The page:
Be sure the numbered well corresponds with the number of the detergent listed on your data sheet.

Do not drop any liquid onto the surface of the JELL-O©! This can ruin the results of this experiment. If you do - note the location of the drop by drawing a picture in your notebook.

7. Replace the lid on the petri dish. Do not turn the dish upside down. You will spill the solutions that you just loaded into the wells.

8. Let the dish sit for several hours or overnight in a cool place. Do not disturb the dish during that time.


1. Observe the wells in the petri dish. Record any physical change in the JELL-O© that you see around some or all of the wells.

2. Was there any change in the JELL-O© around well #7? Explain.

3. Measure the diameter of each well in mm. The diameter of a well is the distance from solid JELL-O© on one side to the solid JELL-O© on the other side. Record this measurement on Table 1 as the "final diameter."


                                               Initial                 Final
Well#           Detergent                      Diameter                Diameter
1                                                   mm                       mm

2                                                   mm                       mm

3                                                   mm                       mm

4                                                   mm                       mm
5                                                   mm                       mm

6                                                   mm                       mm

7              distilled water                      mm                       mm

4. Which products increased the size of the well diameter?

5. Based on your observations, what ingredient in JELL-O© do you think was changed? (Hint: refer to the BACKGROUND)

When we eat JELL-O©, gelatin is digested by enzymes produced by organs of our digestive system. All organisms produce enzymes that can break down large molecules such as proteins, fats, and carbohydrates. Look at the ingredients listed for each of the products and try to determine what chemicals did the best job of digesting gelatin.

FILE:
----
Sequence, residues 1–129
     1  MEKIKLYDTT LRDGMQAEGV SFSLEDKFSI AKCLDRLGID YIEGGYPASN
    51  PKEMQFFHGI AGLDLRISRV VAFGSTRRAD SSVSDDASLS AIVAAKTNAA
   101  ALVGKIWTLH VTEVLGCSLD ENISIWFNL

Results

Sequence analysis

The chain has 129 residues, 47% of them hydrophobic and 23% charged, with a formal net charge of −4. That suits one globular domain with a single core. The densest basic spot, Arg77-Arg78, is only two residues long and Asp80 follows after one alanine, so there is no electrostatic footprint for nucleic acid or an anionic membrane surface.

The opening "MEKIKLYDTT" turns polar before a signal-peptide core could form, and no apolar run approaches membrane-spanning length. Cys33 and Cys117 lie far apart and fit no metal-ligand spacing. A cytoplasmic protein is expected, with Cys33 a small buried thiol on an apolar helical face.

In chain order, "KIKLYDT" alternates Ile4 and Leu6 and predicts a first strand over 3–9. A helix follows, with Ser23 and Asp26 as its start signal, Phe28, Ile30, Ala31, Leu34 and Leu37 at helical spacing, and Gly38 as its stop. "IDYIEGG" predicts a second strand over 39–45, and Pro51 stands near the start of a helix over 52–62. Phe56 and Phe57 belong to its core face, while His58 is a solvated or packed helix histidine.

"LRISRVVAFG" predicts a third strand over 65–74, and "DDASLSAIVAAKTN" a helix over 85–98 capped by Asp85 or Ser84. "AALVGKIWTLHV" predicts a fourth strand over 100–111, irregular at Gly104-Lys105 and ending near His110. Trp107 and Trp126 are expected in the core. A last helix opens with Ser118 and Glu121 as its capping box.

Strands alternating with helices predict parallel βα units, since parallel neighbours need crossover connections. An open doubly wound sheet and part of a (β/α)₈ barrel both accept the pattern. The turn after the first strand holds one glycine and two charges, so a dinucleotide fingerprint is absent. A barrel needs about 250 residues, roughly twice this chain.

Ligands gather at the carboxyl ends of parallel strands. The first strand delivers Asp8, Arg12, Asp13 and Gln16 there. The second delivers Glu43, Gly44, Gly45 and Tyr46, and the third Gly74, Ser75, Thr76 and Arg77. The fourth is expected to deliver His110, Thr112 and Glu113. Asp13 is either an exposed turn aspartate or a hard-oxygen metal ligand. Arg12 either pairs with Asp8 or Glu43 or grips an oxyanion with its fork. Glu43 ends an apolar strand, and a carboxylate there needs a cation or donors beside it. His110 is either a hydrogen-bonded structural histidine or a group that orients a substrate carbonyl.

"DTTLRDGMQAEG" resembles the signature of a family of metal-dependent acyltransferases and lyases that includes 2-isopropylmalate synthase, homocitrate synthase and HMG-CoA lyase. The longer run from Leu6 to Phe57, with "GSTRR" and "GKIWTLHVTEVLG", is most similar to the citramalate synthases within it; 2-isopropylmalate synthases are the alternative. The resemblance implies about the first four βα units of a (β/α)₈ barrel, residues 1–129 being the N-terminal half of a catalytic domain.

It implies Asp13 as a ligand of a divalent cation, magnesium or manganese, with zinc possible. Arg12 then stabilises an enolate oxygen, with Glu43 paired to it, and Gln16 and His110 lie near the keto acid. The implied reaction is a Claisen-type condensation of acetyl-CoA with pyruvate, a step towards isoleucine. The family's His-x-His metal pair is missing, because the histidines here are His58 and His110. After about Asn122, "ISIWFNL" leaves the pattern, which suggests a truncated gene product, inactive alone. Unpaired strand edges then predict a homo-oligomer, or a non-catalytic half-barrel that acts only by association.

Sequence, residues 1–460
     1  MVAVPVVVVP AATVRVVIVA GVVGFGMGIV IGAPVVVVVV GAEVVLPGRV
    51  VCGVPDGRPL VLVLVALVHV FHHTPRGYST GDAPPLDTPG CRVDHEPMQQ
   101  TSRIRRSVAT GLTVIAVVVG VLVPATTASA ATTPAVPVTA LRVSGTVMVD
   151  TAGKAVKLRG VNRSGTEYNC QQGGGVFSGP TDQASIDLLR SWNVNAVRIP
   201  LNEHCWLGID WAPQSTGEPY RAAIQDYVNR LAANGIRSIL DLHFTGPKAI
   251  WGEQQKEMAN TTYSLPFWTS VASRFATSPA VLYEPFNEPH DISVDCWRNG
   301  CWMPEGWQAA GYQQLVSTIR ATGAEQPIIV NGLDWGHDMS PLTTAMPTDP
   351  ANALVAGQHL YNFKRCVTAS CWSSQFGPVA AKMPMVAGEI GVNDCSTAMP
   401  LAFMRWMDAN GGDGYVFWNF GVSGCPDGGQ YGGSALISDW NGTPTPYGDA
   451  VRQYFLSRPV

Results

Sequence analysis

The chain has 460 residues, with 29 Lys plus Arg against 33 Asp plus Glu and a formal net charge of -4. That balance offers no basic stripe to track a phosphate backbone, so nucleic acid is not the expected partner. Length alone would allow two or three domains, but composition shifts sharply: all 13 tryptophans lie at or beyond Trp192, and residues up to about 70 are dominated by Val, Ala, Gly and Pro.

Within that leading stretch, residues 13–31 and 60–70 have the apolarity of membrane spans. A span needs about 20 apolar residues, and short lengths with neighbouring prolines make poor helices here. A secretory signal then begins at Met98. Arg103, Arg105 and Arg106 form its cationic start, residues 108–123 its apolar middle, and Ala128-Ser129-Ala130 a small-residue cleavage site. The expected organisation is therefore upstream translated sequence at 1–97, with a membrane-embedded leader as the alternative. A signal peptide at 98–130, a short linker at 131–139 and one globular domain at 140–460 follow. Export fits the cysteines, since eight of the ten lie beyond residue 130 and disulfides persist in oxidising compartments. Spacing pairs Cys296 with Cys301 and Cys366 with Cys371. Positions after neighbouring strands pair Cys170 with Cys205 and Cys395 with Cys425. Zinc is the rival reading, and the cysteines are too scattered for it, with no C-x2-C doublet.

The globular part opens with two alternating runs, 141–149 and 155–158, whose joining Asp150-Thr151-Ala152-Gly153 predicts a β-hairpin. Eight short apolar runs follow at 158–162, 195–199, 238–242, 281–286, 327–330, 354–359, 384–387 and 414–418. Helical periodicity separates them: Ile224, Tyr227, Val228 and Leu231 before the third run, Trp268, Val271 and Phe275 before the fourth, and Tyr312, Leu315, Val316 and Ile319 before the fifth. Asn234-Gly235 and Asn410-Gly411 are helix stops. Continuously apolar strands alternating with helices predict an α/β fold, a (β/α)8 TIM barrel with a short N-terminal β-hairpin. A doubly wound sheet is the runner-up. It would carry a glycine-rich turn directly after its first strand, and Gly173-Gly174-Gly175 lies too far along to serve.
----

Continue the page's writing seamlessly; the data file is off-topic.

6. What ingredient in these products is probably responsible for the breakdown of the protein, gelatin?

Enzymes are chemicals that are produced by all living things. They are organic molecules belonging to the group of compounds known as proteins.

7. Suggest an explanation of how enzymes, which are made by living organisms, can be found in detergents and cleaners.

Enzymes are highly specific. This means that they only cause a certain chemical or group of chemicals to react. They do this by recognizing the shape of a chemical or the similar structure of a group of chemicals. Thus, some enzymes only act on one specific chemical, while others may act on a group of chemicals that all share a common basic structure. An example of this would be a general protease which may act on many different proteins by always breaking down the same type of bond in each. The result is either the breakdown or the formation of a product. Enzymes names often end in "ase". For example, lactase is the enzyme that breaks down the sugar, lactose.

8. Suggest a name for the enzyme that breaks down the protein, gelatin.

9. Why would it be advantageous for manufacturers to have enzymes added to their detergent products?


1. Design and carry out an experiment that would test the effect of different temperatures on the activity of the enzyme additives to detergents.

2. Design and carry out an experiment that would test the effect of different pH environments on the activity of the enzyme additives to detergents.

3. Design and carry out an experiment that would test other types of cleaning products' activity on the protein gelatin.